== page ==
The Petro campaign, which has been the most vocal on oil matters, says the candidate supports only a gradual transformation of the national energy apparatus and introduction of new taxes on the sector. Existing contracts, including the 69 exploration licenses granted during Mr. Duque’s tenure, would also be respected, the Petro campaign said.
Meanwhile, in Puerto Wilches, anti-fracking demonstrators who support Mr. Petro’s positions have in recent days blocked roads as well as the entrance to the mayor’s office, demanding local authorities stop the fracking program to prevent what they assert will be environmental damage. Many of the 30,000 people who live here depend on farming and fishing in the adjacent Magdalena River. Graffiti on a wall reads “Living pleasantly without fracking.”
Colombia’s highest administrative court said earlier this month that the fracking project could proceed, overturning a ban applied by a local judge. The project had been temporarily halted after a local civil society organization called Afrowilches—which represents Black Colombians in the region—filed a lawsuit.
“We have the right to voice our concerns based on ancestral grounds,” said Pedro Carvallido, president of Afrowilches.
Mr. Carvallido said his movement has been partly inspired by anti-fracking activists in the U.S. and other parts of the world who say the technology risks contaminating groundwater. He also dismissed the oil industry’s promises of bigger royalties to the municipalities. Mr. Carvallido said that payouts from existing oil projects haven’t brought adequate water sanitation and healthcare services to Puerto Wilches, which has housed oil fields for nearly a century and today extracts about 20,000 barrels a day.
“If there hasn’t been development in 50 years, I highly doubt it’ll happen now,” he said.
Mr. Combariza, the Ecopetrol vice president, said the company’s operations are closely regulated and that extensive surveys to determine the environmental risks of a project are conducted. “The probability of those risks materializing are very low,” he said. Ecopetrol executives say the company makes hundreds of millions of dollars in social investments each year through building rural roads and school scholarships.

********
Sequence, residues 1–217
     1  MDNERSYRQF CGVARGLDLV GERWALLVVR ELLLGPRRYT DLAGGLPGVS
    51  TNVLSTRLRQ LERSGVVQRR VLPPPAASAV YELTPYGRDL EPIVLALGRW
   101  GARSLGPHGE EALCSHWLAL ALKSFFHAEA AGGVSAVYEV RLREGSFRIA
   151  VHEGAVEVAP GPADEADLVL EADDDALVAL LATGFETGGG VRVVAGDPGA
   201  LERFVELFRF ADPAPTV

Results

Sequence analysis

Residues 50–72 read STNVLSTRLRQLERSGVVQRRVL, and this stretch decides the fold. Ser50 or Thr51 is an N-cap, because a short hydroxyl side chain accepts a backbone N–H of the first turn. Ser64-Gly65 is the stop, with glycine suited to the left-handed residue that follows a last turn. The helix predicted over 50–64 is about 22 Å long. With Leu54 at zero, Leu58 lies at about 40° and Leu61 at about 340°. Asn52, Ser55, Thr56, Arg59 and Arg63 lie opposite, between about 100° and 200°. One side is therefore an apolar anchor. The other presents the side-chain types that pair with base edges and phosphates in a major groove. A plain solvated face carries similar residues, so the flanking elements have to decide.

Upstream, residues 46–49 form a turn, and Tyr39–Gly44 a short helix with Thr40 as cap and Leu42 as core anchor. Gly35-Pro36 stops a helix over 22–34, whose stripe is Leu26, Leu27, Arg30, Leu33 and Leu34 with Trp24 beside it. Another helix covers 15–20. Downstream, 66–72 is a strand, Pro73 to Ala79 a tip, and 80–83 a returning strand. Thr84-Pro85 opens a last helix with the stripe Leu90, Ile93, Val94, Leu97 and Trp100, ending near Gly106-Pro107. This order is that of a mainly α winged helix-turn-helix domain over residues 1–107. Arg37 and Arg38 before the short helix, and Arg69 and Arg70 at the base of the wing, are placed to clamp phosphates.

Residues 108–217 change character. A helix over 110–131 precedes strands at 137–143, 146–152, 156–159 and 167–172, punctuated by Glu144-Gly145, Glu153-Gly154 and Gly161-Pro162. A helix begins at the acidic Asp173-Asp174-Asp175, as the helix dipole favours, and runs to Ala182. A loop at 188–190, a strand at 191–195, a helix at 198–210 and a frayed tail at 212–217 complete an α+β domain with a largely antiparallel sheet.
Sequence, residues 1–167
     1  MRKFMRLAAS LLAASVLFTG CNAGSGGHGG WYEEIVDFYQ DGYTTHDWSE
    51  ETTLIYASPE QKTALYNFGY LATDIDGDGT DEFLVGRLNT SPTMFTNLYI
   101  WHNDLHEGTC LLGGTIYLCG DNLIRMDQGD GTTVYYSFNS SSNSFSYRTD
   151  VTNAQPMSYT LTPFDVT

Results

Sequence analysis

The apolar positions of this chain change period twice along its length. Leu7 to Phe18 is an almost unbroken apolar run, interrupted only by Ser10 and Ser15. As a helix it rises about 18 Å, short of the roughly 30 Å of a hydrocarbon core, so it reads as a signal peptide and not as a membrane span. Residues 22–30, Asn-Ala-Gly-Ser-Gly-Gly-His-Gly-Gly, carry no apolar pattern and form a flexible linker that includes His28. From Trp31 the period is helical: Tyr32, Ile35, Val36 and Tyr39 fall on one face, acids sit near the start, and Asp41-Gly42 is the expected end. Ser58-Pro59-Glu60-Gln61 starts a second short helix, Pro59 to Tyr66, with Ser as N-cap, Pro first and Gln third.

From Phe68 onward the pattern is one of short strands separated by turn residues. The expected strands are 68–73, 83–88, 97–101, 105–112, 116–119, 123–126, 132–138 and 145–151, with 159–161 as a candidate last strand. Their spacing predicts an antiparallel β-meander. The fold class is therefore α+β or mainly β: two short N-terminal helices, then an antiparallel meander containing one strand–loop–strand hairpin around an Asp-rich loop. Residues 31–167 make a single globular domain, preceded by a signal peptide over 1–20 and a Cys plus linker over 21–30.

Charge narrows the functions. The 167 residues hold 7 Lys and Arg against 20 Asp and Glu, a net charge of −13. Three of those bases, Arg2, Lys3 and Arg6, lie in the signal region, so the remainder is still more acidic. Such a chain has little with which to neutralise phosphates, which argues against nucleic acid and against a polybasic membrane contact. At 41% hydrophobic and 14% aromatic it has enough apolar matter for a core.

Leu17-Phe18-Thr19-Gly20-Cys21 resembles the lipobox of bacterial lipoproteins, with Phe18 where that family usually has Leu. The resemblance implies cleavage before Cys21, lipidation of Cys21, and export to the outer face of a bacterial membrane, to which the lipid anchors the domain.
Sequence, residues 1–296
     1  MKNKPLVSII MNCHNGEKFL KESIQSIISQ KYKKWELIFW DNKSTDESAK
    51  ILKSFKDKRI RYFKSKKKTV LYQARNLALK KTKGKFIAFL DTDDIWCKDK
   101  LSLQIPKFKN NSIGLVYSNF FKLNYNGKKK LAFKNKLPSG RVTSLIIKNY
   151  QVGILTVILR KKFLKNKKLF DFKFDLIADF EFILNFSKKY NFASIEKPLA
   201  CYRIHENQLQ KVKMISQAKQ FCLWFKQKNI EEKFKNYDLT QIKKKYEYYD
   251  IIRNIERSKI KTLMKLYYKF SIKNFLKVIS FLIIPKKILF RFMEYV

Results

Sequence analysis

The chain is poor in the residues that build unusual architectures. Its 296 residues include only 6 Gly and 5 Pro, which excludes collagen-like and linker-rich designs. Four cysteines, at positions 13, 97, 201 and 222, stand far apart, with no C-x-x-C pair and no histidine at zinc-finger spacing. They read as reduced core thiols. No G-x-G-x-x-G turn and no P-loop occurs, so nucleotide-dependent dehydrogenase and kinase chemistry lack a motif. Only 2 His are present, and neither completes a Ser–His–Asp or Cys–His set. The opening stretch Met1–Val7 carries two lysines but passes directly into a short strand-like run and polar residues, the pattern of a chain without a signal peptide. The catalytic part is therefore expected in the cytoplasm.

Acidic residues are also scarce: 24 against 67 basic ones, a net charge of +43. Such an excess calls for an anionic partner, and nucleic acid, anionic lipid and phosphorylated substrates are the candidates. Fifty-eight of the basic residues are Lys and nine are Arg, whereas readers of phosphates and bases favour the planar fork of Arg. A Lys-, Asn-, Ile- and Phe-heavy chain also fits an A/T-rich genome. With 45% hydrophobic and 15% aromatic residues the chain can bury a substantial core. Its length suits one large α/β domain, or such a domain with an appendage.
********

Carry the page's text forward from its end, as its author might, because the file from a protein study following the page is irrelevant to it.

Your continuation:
Some analysts say the next president will have to moderate his positions on fracking and oil exploration because of the government’s gaping fiscal deficit and the budget’s reliance on oil income.
But the Petro campaign, which has galvanized young voters with pledges to fight against climate change, says it has no plans to soften its stance on fossil fuels.
“Zero fracking and stopping oil exploration are nonnegotiable positions for us,” said Alfonso Prada, a senior adviser to Mr. Petro.
Ecopetrol plans to invest more than $5 billion a year over the next two decades to diversify into alternative energy. A new administration could decide how much money goes to projects such as fracking for oil or to develop renewable energy, such as solar.
Studies indicate that the rock formations that the pilot program will tap a mile and a half below ground will provide for greater oil-extracting potential than the Permian Basin, or Argentina’s Vaca Muerta deposits, Mr. Combariza said. Drilling for the program, which is costing Ecopetrol about $100 million, could begin before the end of the year, company engineers say.
Some in Puerto Wilches are open to the fracking pilot.
“If we don’t try,” said Edilberto Puerta, who manages a palm oil plantation, “we’ll never know what the true potential is.”